I started "reading" this book as an audiobook, in the car, but as it turned out, I didn't drive often enough, and the audiobook was due back to the library before I was even halfway finished. So I checked out the book, obviously. And wow. So glad I did this the way that I did. The book starts out pretty slowly; if I'd been reading it, I'm not sure that I would actually have gotten very far, and I would have seriously missed out.
This is a book that's set in Nazi Germany, in the household of a family who aren't Nazis, aren't even Nazi sympathisers, but who are scare and trying desperately to fit in. The characters are so compelling--Leisel, Rosa, and Hans Huberman, Max Vandenberg, and Rudy Steiner, our main characters, are all incredibly real. They are flawed in the best ways; they could all be ordinary people, but the way the book lets us see them makes them seem extraordinary.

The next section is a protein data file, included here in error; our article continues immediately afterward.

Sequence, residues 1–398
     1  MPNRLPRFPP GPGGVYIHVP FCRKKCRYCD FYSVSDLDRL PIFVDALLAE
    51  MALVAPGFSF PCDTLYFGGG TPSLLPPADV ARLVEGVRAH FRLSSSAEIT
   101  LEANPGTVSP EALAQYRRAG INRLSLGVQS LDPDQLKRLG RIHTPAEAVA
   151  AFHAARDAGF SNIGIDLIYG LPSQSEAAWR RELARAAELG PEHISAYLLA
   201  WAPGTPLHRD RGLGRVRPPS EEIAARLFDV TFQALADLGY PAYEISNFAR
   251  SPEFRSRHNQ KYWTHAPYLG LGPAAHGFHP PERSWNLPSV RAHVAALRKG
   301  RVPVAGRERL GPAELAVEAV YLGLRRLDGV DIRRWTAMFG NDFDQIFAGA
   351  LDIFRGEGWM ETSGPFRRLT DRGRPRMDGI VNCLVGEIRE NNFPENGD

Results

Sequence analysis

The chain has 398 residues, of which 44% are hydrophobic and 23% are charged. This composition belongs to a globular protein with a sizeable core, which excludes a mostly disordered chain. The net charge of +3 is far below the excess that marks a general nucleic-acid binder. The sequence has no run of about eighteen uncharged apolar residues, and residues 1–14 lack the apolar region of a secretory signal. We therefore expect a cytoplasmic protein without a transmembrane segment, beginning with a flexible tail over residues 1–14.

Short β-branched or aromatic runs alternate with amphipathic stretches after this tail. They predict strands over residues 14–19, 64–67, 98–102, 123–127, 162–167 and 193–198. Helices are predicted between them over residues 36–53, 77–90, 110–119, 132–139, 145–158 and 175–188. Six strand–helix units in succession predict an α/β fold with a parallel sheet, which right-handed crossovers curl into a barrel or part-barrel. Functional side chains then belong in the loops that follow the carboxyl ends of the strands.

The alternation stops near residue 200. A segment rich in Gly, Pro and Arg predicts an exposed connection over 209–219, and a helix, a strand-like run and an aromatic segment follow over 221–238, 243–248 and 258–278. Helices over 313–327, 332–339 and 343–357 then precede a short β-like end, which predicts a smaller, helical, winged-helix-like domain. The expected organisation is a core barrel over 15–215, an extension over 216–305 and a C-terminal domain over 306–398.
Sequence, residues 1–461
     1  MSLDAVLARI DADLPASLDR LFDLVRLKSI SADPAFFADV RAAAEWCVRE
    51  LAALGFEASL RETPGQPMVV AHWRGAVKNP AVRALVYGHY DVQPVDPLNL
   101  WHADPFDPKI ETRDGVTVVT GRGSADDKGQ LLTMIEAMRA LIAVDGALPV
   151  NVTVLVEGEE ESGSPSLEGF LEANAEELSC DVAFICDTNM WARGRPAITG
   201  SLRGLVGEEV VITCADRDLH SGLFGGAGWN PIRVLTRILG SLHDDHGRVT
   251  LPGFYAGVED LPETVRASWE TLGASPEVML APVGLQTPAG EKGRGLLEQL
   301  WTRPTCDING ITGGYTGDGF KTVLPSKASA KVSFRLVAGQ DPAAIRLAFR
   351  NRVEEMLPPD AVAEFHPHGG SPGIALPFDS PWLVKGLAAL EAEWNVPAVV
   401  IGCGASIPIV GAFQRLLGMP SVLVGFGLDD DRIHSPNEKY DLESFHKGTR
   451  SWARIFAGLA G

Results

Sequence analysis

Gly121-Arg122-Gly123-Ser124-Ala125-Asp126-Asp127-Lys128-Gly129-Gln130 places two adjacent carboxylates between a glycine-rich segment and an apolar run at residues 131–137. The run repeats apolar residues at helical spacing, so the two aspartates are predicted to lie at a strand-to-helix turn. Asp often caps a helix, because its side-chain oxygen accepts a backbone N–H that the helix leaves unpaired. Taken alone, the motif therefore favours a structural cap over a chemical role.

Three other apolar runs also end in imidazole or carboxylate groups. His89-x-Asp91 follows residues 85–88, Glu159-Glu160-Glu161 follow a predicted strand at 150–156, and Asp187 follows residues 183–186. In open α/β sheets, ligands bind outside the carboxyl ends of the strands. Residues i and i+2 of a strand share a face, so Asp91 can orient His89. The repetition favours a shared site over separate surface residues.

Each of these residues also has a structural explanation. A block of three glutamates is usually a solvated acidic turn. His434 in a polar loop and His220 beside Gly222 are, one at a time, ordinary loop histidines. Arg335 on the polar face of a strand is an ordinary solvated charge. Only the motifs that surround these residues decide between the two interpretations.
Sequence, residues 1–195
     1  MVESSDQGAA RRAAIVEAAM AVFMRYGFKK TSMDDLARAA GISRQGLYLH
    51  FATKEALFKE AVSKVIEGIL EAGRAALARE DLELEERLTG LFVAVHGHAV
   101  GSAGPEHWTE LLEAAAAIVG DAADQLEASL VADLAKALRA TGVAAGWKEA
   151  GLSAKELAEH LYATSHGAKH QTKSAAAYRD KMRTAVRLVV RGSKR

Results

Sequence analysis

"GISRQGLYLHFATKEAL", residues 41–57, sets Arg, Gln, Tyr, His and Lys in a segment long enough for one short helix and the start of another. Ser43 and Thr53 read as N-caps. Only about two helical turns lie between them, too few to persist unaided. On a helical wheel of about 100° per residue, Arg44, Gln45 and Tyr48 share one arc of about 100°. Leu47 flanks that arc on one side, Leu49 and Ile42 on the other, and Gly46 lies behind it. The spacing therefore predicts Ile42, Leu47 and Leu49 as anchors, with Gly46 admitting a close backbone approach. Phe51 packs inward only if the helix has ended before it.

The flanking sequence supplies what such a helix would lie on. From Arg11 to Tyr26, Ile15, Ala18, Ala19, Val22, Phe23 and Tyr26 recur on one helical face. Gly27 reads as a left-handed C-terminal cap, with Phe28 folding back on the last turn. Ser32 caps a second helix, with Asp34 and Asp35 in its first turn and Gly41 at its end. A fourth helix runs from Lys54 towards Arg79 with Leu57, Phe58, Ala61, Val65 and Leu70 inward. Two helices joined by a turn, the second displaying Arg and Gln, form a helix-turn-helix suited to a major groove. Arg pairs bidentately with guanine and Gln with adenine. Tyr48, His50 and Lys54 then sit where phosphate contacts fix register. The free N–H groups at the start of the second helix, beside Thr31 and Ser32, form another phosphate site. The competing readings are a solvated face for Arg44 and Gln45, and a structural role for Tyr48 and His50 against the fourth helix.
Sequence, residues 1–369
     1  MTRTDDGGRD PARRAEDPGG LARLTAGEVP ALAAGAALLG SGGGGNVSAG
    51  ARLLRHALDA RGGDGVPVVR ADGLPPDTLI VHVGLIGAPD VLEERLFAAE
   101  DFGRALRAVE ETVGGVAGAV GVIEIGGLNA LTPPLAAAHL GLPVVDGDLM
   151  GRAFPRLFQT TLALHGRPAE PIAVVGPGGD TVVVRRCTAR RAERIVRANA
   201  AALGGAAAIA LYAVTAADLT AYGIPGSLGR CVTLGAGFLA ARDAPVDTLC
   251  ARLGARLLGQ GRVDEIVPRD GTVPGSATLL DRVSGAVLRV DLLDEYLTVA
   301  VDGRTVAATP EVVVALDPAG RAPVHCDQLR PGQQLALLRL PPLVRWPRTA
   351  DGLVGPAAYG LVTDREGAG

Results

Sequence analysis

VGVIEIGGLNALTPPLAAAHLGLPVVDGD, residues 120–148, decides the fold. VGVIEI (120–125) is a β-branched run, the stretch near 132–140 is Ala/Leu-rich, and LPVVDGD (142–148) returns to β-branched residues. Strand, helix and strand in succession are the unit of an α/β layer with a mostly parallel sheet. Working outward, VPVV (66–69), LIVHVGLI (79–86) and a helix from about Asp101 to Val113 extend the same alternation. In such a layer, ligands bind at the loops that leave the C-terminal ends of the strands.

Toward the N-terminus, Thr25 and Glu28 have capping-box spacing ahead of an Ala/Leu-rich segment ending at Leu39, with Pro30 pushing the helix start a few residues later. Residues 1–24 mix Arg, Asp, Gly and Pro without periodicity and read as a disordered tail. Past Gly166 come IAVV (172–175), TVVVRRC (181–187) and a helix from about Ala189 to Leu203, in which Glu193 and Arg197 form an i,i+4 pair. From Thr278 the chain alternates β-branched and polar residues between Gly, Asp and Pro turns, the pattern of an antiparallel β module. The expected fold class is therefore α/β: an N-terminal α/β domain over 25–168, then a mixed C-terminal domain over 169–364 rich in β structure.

Leisel's mother was taken by the Nazis, she watched her brother die of illness on a train on the way to Molching and the Hubermans, her foster family. Rosa Huberman yells everything and calls everyone an 'asshole'. Hans is a painter with silver eyes and an accordian talent. He teaches Leisel to read in midnight sessions. Leisel steals books from a woman who leaves her basement window open, just for Leisel. Leisel resolutely will not let Rudy Steiner, the boy with hair the color of lemons who once painted himself black in order to look like his hero, Jessie Owens, kiss her. Max Vandenberg is the Jewish man who hides in the Huberman's basement for two years, and writes two books for Leisel.
You don't expect a book about Nazi Germany to have a happy ending, but I don't think that I've ever read the end of a book the way I did this one--hunched over on the bathroom floor, sobbing and coughing for fifty pages.